Growing up on the North-side of Chicago, I knew many men who had a lot of fights. In all my job-hopping (over 100 different jobs) I met a lot of outspoken, potato sack slingers who would stand up to anything, and win. My two uncles were probably the toughest guys in the neighborhood. I worked for well-connected ambulance chasers who always had a lot of trouble going on, from fist-fights to property damage, even sabotage.
For two years (at age fifteen and sixteen), I studied boxing. My best friend was a Golden-Glove champion, and we spent our time in a boxing gym, with a real boxing coach, punching a heavy bag and speed bag, working on footwork, etc. Every day we boxed each other in the ring, and other guys in the gym. Then, when I was twenty-one, I spent one Summer learning kung-fu from an excellent teacher.
The point is- I never fought professionally, but I’m no slouch, and I know the character of men.
Well, all those guys, and even half the men on TV don’t compare to the toughest guy I ever met. I will never forget him, or that night. Looking back now, it is almost unreal. But if you like a good fight story, or to talk about fights, this is the guy you wish you were, or wish was your friend.
Charlie: That’s all I know is his first name, and where he worked at the time. (In 1977, at a bar in Chicago, on Paulina Street, right off Lincoln Avenue, under the L-tracks.) Who knows, maybe someone else will know more about him or that bar, and find this one day. That would be cool! Charlie was the real-life guy from the Patrick Swaze character in the movie Road House, and I lived through it that night.
OK, enough blabbering, let’s get to the action.
My step-brother Bill had some friends that had a rock band called Onyx, and they were playing a gig at some bar that night. I don’t think anything ever became of them, but who knows? Well, they needed some help, so they asked us to go. They needed one guy to control the stage-lights, and the other guy to collect money at the door. Me and Bill decided to take turns, since obviously, running the lights was going to be a blast, and standing at the door asking a bunch of drunks for money was not going to be as fun. I would do the first two hours at the door, and the next two hours at the lights.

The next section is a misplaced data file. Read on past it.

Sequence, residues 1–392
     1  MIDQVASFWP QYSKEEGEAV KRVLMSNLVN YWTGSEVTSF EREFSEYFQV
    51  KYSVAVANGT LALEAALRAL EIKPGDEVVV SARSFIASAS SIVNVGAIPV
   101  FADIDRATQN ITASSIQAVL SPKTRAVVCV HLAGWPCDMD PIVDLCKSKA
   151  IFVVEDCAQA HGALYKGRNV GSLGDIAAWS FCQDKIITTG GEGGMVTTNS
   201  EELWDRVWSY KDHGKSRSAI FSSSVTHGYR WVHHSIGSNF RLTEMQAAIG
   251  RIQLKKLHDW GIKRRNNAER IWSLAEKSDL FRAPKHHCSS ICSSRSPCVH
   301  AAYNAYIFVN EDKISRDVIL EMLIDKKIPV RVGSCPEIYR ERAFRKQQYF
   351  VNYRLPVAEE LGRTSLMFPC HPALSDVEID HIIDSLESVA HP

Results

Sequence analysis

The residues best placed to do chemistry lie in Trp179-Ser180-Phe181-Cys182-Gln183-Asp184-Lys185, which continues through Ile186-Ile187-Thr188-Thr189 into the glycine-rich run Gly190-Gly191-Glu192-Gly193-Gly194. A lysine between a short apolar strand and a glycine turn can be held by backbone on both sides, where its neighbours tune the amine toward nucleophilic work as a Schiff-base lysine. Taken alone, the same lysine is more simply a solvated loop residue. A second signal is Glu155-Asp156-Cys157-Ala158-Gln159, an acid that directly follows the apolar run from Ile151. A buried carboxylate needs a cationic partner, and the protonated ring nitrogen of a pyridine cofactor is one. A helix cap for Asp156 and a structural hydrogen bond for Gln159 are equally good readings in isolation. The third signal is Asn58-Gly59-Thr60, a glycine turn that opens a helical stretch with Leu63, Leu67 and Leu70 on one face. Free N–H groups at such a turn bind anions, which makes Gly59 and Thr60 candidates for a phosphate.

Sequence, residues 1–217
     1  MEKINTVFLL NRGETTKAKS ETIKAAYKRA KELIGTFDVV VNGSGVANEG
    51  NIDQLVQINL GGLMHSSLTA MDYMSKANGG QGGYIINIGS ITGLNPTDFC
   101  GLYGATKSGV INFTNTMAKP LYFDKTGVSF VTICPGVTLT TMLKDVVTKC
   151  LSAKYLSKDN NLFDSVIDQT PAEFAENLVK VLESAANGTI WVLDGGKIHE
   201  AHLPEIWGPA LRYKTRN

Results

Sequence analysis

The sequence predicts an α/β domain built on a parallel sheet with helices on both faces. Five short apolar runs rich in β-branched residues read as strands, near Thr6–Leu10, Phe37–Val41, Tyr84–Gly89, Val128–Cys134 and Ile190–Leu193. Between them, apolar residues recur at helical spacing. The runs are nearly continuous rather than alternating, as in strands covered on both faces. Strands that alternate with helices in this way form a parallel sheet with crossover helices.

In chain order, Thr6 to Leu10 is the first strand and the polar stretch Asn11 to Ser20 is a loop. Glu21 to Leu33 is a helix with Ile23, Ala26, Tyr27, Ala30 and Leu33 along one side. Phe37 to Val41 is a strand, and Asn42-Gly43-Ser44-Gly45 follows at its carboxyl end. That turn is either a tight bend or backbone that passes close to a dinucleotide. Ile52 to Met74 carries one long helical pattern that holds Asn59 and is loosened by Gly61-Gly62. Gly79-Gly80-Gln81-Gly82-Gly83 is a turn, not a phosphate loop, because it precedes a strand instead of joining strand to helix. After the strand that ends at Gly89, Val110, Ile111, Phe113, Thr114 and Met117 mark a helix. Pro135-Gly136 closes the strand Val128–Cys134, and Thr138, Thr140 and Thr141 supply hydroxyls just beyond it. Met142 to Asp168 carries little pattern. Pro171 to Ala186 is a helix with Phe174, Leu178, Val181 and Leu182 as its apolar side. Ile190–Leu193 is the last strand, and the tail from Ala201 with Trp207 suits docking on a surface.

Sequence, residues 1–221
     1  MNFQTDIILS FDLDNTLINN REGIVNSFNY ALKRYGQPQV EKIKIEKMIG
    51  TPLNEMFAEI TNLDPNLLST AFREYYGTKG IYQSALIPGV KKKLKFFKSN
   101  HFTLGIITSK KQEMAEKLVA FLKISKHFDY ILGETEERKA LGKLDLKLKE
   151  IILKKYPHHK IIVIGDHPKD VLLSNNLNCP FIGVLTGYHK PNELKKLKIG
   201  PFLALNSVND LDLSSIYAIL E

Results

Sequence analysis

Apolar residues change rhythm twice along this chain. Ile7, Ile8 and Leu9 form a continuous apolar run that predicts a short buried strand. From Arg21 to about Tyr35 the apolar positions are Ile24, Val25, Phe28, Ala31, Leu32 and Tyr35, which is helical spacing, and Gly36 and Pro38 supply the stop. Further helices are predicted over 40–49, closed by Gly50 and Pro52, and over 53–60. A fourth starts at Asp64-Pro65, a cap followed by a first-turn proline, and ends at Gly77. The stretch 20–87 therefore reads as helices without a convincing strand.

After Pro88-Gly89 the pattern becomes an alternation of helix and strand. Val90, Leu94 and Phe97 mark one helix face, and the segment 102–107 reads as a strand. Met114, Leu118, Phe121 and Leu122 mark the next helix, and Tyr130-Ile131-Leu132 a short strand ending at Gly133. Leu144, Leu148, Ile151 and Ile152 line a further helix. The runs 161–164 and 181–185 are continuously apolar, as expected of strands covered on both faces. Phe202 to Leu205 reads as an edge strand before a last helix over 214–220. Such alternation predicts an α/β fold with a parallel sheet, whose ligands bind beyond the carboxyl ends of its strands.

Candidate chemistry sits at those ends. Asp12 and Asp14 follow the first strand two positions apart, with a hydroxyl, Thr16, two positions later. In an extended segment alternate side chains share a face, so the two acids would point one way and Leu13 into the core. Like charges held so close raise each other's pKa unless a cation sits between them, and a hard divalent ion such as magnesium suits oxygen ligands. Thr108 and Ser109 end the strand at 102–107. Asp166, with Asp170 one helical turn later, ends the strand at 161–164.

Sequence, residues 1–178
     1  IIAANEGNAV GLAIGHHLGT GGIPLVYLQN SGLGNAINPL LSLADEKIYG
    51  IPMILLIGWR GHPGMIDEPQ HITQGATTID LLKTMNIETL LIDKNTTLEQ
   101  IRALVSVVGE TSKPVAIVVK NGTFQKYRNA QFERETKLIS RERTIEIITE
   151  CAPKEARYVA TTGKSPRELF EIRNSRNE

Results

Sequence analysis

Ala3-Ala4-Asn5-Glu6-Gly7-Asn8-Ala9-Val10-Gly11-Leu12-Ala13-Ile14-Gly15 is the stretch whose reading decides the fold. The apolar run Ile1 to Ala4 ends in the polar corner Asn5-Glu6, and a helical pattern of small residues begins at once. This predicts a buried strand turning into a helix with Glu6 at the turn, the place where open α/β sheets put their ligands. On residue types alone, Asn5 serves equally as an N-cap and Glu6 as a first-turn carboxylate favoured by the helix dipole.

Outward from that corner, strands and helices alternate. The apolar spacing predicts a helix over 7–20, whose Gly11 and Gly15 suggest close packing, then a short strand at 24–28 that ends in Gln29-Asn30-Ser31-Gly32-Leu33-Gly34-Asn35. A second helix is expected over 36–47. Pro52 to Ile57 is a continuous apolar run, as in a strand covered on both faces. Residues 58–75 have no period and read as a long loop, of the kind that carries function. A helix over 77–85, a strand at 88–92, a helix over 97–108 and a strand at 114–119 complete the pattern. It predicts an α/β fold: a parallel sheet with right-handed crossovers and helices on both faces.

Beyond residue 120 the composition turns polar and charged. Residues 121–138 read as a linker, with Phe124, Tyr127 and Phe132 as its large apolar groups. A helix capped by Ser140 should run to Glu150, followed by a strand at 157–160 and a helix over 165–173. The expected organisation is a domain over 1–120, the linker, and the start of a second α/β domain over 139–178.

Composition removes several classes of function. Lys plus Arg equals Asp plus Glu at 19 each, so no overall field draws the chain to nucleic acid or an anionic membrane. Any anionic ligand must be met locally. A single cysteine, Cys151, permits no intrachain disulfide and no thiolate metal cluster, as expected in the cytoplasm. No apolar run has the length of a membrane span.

That’s when I met Charlie.
He introduced himself to me and explained, “This is going to get crazy here in a little while, so pay attention. This is a wild bar, and there will be some fights before it’s all over.”
I studied the small man- he was about 35-years-old, 5-feet 3-inches tall, and weighed about 130. I was 18 (lied about my age to get in), about 6-feet and 200 pounds.
I nodded in agreement as he continued, “These guys that come in here like to fight. They’re not used to paying a cover charge because we don’t usually have live entertainment. So, there will be a lot of regulars who don’t think they should have to pay, and these guys are crazy bikers and rednecks, so we have a system to deal with them, so again, pay attention.” I did. “As soon as someone gives you any trouble, if he walks past you and doesn’t pay, or if he gives you any static, don’t argue with him, just get my attention and point him out to me, then tell me what he did.” I agreed.
The place started getting packed.
I stood at the door and collected 3-dollars from each person. About the tenth guy in was already drunk, and looked at me as if I wasn’t supposed to be there. “I come here every day, I don’t pay.” And with that, he walked past me. I looked over at Charlie who was always looking at me, and pointed at the guy, signalling he didn’t pay.
Charlie called him to the bar, and demanded he pay. The guy just got louder and louder, and suddenly threw a bottle at Charlie. Charlie ducked, jumped over the bar, and in one swoop, knocked the bigger man out with a perfect flying elbow. About three of us stood the guy up, and helped him out the door gently.
This exact incident repeated itself at least five times that night. And the guy was always a huge, Big John Stud look-alike. Yet somehow, small Charlie was able to fly over the bar and knock out each one systematically with one blow every time- sometimes with a hand or foot, and sometimes with a bottle or bar-stool.
A couple of times there was a fight between paying customers, and Charlie would have to break it up. Those often ended with a menacing blow from Charlie as well.
Just like in the movie Road House, the bartenders and bouncers always had eye-contact with each other, and one wave of the hand brought Charlie, which brought the end to the incident quickly every time.
I wondered what was going on in the backroom area, where the band was playing. I couldn’t see it from where I was. The music sounded pretty good though, and I longed for my turn at the stage lights.
Finally, it was time to switch places.
I spent the next two hours doing what I came there for- having a good time, rocking out, and jamming with the band by flashing lights on the players here and there. And Bill spent those two hours experiencing more of what I saw earlier.
We met after it was all over, and Bill began with, “Oh my God, there was so many fights, and charlie is an animal!”
“I told you.” I said.